Low carbon energy projects will be able to benefit from up to £10 million-worth of support from a £60 million Scottish government fund launched earlier this week.

Roseanna Cunningham, climate change secretary in the Holyrood administration, officially launched the Low Carbon Infrastructure Transition Programme (LCITP), at Scotland House in London.

The LCITP will fund large-scale projects which support Scotland’s Energy Strategy, which was published in December 2017.

Projects which deliver low carbon heating solutions, integrated energy systems, and ultra-low emission vehicle charging infrastructure will all be eligible for support from the programme.

They will be able to apply for up to £100,000 to develop business cases. Up to 50% of the total capital value of a project, capped at a ceiling of £10 million, will be available for projects that are ready to be invested in.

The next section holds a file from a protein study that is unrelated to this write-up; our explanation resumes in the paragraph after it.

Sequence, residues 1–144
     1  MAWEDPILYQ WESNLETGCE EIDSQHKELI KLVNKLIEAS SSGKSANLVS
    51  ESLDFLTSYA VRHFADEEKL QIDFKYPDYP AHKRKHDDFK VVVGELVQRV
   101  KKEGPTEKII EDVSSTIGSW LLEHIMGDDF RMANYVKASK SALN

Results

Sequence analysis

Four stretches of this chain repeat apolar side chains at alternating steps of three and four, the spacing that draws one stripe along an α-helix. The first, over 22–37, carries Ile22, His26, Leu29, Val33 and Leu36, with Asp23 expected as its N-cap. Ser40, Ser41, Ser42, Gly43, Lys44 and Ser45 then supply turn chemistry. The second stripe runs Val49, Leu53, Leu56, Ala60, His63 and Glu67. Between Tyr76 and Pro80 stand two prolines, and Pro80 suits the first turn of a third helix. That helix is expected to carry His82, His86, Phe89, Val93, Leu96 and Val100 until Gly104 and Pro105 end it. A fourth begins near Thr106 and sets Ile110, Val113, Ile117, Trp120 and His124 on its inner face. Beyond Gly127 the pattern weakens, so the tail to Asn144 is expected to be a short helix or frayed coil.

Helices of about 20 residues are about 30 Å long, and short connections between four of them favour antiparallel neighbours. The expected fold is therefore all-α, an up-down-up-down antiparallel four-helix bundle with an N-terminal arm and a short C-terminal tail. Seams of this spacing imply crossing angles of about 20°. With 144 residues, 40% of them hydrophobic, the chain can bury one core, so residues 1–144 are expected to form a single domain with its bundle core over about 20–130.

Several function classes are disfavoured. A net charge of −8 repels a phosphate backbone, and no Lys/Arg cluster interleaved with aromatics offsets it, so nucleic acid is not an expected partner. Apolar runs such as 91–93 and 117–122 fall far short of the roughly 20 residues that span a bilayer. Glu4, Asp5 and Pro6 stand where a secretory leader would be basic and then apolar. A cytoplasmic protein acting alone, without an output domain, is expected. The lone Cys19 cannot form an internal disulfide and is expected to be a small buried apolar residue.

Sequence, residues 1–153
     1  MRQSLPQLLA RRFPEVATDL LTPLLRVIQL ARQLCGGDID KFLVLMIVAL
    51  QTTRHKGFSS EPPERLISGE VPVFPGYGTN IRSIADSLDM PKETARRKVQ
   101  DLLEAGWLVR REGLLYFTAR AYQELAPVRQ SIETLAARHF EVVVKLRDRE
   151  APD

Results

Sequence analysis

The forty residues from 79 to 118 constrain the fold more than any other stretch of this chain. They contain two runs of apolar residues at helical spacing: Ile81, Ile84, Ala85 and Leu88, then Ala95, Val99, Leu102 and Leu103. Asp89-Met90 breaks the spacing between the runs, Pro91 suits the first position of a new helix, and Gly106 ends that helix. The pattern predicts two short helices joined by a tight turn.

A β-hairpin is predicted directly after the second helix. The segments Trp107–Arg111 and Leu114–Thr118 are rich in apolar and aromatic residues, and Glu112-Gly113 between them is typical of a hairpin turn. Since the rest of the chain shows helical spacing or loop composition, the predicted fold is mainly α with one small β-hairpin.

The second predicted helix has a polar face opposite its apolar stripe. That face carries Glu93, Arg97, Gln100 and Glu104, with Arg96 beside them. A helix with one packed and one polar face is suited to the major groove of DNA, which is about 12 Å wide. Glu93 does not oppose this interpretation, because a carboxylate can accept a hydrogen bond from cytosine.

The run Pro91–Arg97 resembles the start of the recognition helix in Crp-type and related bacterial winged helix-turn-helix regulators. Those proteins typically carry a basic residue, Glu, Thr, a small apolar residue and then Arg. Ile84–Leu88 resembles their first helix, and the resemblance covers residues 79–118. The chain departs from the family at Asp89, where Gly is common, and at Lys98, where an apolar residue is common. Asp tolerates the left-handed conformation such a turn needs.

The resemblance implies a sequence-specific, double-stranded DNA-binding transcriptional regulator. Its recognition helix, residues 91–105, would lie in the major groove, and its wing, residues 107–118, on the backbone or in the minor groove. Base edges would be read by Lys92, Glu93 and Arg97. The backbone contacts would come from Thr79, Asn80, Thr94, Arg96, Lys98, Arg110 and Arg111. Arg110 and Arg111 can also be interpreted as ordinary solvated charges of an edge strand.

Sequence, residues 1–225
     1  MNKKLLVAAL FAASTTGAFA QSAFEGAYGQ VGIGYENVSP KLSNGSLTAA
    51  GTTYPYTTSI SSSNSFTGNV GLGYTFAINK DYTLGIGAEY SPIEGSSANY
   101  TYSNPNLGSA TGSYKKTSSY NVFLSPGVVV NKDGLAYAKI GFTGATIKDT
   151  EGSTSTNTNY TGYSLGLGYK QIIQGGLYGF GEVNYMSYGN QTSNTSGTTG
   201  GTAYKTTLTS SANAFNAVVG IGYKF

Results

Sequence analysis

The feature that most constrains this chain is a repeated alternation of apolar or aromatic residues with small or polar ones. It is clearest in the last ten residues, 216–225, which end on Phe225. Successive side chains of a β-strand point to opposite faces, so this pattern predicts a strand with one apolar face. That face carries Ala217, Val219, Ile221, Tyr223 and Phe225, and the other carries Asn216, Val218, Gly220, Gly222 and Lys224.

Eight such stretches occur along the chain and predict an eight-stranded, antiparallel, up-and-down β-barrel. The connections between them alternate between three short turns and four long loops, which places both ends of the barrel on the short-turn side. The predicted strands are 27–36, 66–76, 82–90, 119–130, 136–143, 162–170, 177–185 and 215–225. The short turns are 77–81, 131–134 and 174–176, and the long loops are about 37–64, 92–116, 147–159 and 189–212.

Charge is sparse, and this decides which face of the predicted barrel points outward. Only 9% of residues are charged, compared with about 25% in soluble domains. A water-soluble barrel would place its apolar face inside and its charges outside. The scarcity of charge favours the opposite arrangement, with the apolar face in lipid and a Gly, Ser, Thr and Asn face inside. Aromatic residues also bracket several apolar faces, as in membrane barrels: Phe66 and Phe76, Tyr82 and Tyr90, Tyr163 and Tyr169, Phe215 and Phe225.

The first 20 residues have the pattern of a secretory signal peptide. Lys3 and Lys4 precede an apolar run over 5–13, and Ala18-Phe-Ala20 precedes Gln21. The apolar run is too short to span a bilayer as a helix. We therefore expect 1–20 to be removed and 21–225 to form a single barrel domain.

Schemes must be based in Scotland and able to be fully operational by September 2021 in order to receive support from the programme, which is match-funded by the European Regional Development Fund.

The LCITP programme has already offered over £40 million of funding to 16 low carbon demonstrator projects, with the biggest sum (£9 million) awarded to support the development by Celtic Renewables of an industrial fermentation process that generates energy from whisky production waste matter.

Ms Cunningham said: “We are determined to attract, retain and develop the low carbon innovators who will shape our future.

“That is why, I am delighted to confirm that we are now accepting applications from innovative local energy projects to the LCITP.”

Dr Sam Gardner, acting director at WWF Scotland, welcomed the launch. He said: “Innovation in heating, transport and electricity will help us cut emissions, create new jobs and build new industry.

“We know there will be challenges in implementing the transition to a low carbon economy but we should grasp the opportunity to build solutions for the rest of the world to adopt.”

But he urged the Scottish government to set a net zero emissions target by 2050 in its upcoming Climate Change Bill.  

What to read next